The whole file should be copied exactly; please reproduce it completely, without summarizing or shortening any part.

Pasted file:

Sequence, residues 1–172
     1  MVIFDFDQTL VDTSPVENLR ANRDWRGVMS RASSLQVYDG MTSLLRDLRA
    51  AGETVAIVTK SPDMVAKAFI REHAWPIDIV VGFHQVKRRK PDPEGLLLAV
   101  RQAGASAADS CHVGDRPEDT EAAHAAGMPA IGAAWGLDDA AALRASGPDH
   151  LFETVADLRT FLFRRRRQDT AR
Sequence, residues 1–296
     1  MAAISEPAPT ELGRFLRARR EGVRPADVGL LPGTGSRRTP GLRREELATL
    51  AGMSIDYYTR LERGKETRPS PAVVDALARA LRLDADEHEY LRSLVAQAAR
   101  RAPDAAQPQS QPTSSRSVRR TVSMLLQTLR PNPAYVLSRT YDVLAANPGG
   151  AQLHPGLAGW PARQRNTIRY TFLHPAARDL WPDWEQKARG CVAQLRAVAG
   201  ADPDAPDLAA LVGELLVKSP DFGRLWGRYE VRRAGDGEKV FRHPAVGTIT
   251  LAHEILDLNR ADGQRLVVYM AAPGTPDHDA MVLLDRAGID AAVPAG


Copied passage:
Sequence, residues 1–172
     1  MVIFDFDQTL VDTSPVENLR ANRDWRGVMS RASSLQVYDG MTSLLRDLRA
    51  AGETVAIVTK SPDMVAKAFI REHAWPIDIV VGFHQVKRRK PDPEGLLLAV
   101  RQAGASAADS CHVGDRPEDT EAAHAAGMPA IGAAWGLDDA AALRASGPDH
   151  LFETVADLRT FLFRRRRQDT AR
Sequence, residues 1–296
     1  MAAISEPAPT ELGRFLRARR EGVRPADVGL LPGTGSRRTP GLRREELATL
    51  AGMSIDYYTR LERGKETRPS PAVVDALARA LRLDADEHEY LRSLVAQAAR
   101  RAPDAAQPQS QPTSSRSVRR TVSMLLQTLR PNPAYVLSRT YDVLAANPGG
   151  AQLHPGLAGW PARQRNTIRY TFLHPAARDL WPDWEQKARG CVAQLRAVAG
   201  ADPDAPDLAA LVGELLVKSP DFGRLWGRYE VRRAGDGEKV FRHPAVGTIT
   251  LAHEILDLNR ADGQRLVVYM AAPGTPDHDA MVLLDRAGID AAVPAG